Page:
Some medicines are easier to remember to take than others. Medicines that can be stored in plain view or can be taken ‘attached’ to usual daily routines (such as brushing teeth) are easier to remember than medicines that have to be stored out of view (such as in the refrigerator) or taken in an unusual way. One participant, for example, found it difficult to remember to remove her medication patch in the mornings, as it was applied to her back where she could not see it or remember to remove it after a full night’s sleep. Ways of storing medicines or reminders that people use do not always help them to remember.

Linda needs to see her medicines if she is to remember to take them. No other reminder or strategy has worked for her.

Sometimes symptoms will return, or there will be less relief from them, if people forget to take their medicines. Side effects or pain can act as a reminder that they have forgotten. And for some people, the return of symptoms or pain can have a significant impact on the things they need to do.

Suzanne finds she gets ‘restless legs’ that keep her awake at night if she forgets to take her medicines.


What people do when they forget to take a medicine

What people do when they forget to take their medicines usually depends on the medicine they have forgotten to take. Some medicines can be taken as soon as they are remembered; others should not be taken until the next scheduled dose at the usual time. Many people we spoke to had asked their doctor what to do if they forget.

Don describes how he talked to his doctor about what to do if he forgets to take his medicine.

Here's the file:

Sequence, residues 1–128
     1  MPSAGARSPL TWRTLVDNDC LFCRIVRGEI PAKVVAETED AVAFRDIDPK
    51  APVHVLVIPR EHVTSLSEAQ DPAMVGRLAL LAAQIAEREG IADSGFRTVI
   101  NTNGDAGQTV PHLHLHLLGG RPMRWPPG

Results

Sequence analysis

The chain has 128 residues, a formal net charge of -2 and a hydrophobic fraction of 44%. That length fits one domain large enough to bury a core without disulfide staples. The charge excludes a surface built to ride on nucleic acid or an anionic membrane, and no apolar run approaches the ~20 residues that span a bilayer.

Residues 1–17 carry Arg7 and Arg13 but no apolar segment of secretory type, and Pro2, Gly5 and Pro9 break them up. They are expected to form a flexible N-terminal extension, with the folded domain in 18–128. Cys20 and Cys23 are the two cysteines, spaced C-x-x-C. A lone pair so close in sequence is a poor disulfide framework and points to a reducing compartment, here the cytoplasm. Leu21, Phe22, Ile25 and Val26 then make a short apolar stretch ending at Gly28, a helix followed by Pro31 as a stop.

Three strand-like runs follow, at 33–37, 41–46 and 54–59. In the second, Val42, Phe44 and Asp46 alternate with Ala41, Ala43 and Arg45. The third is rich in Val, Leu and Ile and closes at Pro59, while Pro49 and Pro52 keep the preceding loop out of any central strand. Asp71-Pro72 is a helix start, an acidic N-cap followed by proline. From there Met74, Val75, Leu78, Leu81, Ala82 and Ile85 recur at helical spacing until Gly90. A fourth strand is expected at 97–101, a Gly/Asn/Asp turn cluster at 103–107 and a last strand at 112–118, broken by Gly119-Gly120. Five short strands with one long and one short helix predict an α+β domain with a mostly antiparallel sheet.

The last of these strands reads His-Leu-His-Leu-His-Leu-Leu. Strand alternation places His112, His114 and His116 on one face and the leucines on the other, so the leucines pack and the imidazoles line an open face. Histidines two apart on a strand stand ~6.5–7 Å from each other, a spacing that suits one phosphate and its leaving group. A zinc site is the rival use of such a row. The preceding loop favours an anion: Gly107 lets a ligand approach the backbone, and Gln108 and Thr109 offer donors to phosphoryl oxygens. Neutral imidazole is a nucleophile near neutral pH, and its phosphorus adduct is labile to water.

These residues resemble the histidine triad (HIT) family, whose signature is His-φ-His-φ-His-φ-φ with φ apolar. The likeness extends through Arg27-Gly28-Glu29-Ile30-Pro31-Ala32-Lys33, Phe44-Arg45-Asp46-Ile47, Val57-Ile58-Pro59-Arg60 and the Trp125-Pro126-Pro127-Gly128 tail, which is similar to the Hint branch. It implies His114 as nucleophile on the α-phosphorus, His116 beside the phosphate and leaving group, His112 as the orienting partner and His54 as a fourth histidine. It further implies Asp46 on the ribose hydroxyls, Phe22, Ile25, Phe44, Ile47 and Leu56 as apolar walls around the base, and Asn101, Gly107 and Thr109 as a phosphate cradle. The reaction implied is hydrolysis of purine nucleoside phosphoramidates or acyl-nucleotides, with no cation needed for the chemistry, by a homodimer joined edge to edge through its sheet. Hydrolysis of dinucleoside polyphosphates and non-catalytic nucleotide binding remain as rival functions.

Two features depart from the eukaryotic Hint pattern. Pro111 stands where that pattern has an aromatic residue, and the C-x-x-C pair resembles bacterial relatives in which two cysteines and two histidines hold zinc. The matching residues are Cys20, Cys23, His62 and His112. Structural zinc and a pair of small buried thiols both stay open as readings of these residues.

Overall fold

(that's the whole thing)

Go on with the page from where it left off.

Helen describes what she does when she forgets to take a medicine, according to which medicine it is.


Strategies that help people remember to take medicines

There are various strategies that people use to help them remember to take their medicines. Some people carry an emergency supply so that they don’t risk missing a dose: one person does this by keeping a spare strip of some of her medicines in her purse, while another keeps a small cosmetic bag with spares of all her medicines just for going out.

Alarms are helpful, particularly for medicines that are more likely to be forgotten such as those that are taken at midday. Other people set an alarm on their mobile phone, so that they are reminded to take their medicine wherever they are. Smartphone apps specifically to help with remembering medicines were also found to be extremely helpful to the people who use them.

However, reminder systems for medicines are not always foolproof; they need to be easily accommodated into a person’s normal day for them to work. For example, one person we spoke to once had a job that involved working on rooftops and he would not have his medicines with him when the phone reminder alarm rang. By the time he was back on the ground, he had forgotten all about his medicines.

Glenn has tried various reminders, but problems with remembering to take his medicines have persisted. He is looking into getting an implant for one of his medicines to partly address this problem.

A number of people feel that being deliberately conscientious and aware of the purpose of their medicine and what it means for their life helps them to remember to take them. For some people, this means that medicines that have a more important purpose for them are more likely to be remembered.

Mia finds it easier to remember to take the contraceptive pill than medication for Crohn’s disease because there is an incentive with the pill that is more immediately meaningful.

Many people we spoke to discovered or created successful reminders that fit well with their day-to-day lives and are no trouble to use. Also, reminders are not needed for some people we spoke to, as they have never experienced an issue remembering to take their medicines.

Peter S finds his medicines are easy to remember to take and, if he occasionally forgets, he always remembers and is able to take them at a later time.


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The Living with multiple medicines project was developed in collaboration with